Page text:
Now I know that bass was new to him but by this time he was a very proficient player and had “found himself.” I had no idea at the time that he hadn’t been a bass player all along. My brother, some of our friends and I were deeply into King Crimson from ‘Court’ on.. Especially me. I loved the sophistication of it, the beauty, the raw power, the strident dissonance and chaos that you mentioned, which was at times unsettling. But as you said, peace and beauty are restored in a truly incredible way, a gorgeous way on this record. (And on others)
    ‘Islands’ might be my favorite Crimson album too. ‘Court’ is more “important” in the history of prog and of rock in general, but this is a rare and well polished gem.
    And dammit I wish Boz would get the respect he deserves.
    Thanks for your contribution toward making this a reality.

    • Hello and thank you so, so much for your moving and obviously heartfelt comments, what an extraordinary post.

      I will endeavour to make a proper reply in the fullness of time, but there are one or two points that I wanted to make immediately:

      1) it is imperative that you find a copy of the 2016 Tour Box by King Crimson, which I myself have only had for a few weeks – because it features a long rehearsal clip of the title track from “Islands” which is remarkable for two reasons: an incredibly beautiful vocal from Boz, even when there were insufficient lyrics from Sinfield (and, different lyrics, too) and a chance to hear the guitar part of the song properly (which is exciting for me as a guitarist).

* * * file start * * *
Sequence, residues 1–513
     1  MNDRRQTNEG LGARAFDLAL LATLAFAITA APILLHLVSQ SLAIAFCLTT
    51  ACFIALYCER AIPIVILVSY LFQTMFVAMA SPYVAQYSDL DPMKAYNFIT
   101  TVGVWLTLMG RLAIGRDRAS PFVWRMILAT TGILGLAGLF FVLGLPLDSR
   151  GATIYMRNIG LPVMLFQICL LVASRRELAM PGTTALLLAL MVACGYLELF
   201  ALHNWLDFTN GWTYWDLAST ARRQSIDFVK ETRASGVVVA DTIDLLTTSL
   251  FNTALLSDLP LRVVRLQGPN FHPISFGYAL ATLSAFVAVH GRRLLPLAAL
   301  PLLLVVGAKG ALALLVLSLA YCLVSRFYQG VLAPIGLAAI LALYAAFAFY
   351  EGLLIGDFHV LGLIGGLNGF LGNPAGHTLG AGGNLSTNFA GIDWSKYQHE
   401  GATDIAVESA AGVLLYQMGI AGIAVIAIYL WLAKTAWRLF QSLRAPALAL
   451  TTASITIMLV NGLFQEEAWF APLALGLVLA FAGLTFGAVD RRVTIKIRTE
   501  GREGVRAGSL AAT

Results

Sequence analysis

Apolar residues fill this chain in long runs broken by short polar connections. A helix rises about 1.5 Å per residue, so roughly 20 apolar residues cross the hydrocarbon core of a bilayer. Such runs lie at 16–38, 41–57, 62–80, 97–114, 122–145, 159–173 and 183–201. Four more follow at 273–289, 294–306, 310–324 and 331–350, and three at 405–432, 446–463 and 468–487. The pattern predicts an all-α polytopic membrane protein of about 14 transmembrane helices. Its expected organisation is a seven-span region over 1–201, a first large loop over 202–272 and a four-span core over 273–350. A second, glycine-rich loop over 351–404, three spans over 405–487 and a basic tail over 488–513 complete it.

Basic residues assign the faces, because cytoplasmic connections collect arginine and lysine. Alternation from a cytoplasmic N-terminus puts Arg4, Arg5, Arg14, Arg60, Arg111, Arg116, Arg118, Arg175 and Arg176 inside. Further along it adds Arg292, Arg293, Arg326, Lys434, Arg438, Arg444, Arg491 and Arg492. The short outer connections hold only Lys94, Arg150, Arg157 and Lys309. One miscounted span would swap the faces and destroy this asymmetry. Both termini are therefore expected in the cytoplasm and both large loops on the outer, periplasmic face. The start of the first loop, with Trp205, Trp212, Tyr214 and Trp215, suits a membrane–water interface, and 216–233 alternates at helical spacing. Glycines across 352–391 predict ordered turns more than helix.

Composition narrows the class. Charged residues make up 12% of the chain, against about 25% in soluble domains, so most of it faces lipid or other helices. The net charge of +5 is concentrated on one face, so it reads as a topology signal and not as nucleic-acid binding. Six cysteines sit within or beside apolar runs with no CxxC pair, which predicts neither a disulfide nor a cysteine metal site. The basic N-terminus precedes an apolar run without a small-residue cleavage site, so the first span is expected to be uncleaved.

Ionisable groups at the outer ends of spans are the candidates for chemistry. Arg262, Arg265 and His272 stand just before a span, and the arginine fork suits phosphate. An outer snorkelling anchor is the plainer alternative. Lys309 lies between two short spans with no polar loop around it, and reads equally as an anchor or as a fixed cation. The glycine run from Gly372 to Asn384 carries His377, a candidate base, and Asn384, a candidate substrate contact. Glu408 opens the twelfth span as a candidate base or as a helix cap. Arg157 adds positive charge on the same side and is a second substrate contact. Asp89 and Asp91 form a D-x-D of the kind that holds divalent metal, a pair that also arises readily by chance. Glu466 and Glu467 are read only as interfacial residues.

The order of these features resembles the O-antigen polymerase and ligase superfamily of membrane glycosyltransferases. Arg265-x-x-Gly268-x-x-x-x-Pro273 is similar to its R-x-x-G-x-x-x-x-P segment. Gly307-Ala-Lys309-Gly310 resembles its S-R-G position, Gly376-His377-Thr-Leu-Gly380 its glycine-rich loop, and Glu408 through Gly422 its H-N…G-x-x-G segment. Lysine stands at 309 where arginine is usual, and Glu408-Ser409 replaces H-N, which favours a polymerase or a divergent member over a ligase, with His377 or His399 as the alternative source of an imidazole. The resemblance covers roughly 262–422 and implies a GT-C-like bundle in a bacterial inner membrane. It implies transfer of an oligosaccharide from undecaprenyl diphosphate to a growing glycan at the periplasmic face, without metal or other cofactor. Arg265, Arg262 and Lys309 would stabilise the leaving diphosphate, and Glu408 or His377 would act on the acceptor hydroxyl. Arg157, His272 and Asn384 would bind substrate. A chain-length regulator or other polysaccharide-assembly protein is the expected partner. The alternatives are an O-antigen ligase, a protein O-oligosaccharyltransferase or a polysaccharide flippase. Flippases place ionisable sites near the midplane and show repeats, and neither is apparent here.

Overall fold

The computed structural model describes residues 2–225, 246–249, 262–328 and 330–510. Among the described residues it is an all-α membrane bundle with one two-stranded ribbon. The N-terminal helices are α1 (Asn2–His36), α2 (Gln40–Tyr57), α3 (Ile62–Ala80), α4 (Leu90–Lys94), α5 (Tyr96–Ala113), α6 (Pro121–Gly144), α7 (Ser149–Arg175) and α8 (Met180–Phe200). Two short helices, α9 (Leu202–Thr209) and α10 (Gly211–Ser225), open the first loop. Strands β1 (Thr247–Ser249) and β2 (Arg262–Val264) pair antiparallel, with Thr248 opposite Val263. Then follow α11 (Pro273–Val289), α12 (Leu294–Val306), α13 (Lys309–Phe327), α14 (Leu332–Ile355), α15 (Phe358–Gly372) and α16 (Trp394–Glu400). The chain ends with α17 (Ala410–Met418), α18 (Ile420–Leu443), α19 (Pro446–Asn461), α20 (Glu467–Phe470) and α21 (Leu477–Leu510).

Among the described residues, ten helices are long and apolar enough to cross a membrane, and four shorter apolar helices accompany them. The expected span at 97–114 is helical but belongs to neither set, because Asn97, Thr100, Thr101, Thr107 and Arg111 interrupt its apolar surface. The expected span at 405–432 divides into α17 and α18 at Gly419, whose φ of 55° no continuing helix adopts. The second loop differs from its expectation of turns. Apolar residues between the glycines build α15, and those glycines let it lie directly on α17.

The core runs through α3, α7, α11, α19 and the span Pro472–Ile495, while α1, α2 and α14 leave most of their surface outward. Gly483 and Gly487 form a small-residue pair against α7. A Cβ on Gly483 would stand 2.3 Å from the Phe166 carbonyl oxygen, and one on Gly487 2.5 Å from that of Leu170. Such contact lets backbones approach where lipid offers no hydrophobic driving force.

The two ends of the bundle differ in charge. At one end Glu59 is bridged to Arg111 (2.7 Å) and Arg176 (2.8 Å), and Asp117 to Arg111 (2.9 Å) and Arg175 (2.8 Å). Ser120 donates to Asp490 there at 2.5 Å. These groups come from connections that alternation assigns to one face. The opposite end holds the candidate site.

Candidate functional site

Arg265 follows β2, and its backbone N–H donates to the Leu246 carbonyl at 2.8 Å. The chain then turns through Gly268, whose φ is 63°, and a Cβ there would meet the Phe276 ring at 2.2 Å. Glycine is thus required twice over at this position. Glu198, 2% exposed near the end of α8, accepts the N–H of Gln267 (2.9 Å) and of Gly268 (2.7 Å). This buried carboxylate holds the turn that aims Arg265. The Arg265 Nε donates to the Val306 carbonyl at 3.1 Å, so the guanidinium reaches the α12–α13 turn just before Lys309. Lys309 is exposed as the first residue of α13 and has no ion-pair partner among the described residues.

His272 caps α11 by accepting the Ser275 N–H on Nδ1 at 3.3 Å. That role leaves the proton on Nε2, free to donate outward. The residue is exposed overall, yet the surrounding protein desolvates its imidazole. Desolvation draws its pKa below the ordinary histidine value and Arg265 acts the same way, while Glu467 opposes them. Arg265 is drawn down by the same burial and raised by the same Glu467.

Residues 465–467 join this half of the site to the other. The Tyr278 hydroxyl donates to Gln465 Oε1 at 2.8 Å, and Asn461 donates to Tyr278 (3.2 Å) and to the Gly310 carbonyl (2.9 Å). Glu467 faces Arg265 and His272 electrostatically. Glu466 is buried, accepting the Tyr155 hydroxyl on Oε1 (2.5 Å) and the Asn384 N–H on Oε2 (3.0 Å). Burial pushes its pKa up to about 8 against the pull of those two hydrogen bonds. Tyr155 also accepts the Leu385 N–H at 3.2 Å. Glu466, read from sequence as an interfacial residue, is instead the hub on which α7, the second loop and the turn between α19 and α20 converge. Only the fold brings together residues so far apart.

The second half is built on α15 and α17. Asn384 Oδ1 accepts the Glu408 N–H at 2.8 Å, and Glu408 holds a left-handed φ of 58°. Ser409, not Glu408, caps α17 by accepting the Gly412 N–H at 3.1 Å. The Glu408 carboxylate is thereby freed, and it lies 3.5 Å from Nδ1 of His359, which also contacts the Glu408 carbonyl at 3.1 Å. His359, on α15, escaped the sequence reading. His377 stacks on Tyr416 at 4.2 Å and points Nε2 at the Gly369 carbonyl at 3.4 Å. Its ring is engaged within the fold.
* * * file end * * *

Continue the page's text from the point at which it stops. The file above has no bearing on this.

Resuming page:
2) Thank you for restoring my faith in King Crimson fans, besides Jakko and myself, I wasn’t sure if there were any others out there with a passion for the Islands album – so now there are at least three of us.

      3) I keep hoping that Jakko will convince Robert to let the 2016 band play the title track of Islands, he has managed to get Robert to play two other tracks from the record, and this year, two tracks from Lizard….so, I live in hope. I know that Jakko would love to play this song, and sing it.

      Years ago, I used to play it on the piano, and sing it, and I can still remember most of it some thirty odd years later – the song is in my head and in my heart forever.

      You were so lucky to see that incarnation of the band, my first KC concert was in 1981.

      I wasn’t aware of them / was too young when they played my original hometown of San Diego, CA.

      I envy you your experience. Do you have any idea what songs they played that night in 1972??

      Thank you again for your comments, and I am hopeful that more folk who love the more obscure outputs of KC will also speak up.

      All the very best,